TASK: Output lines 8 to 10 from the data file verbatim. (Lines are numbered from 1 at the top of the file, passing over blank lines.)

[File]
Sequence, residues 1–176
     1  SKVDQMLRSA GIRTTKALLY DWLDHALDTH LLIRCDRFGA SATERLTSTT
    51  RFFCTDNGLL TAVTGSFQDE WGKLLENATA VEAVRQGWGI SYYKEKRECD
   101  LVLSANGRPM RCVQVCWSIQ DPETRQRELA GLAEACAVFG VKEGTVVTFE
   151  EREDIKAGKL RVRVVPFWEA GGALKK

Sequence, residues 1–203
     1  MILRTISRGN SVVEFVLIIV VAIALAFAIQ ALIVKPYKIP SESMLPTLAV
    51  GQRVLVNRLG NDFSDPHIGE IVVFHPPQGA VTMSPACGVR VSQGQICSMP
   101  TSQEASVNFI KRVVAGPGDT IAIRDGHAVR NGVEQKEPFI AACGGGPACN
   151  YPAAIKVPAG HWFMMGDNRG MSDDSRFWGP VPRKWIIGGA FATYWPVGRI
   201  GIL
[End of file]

    51  GQRVLVNRLG NDFSDPHIGE IVVFHPPQGA VTMSPACGVR VSQGQICSMP
   101  TSQEASVNFI KRVVAGPGDT IAIRDGHAVR NGVEQKEPFI AACGGGPACN
   151  YPAAIKVPAG HWFMMGDNRG MSDDSRFWGP VPRKWIIGGA FATYWPVGRI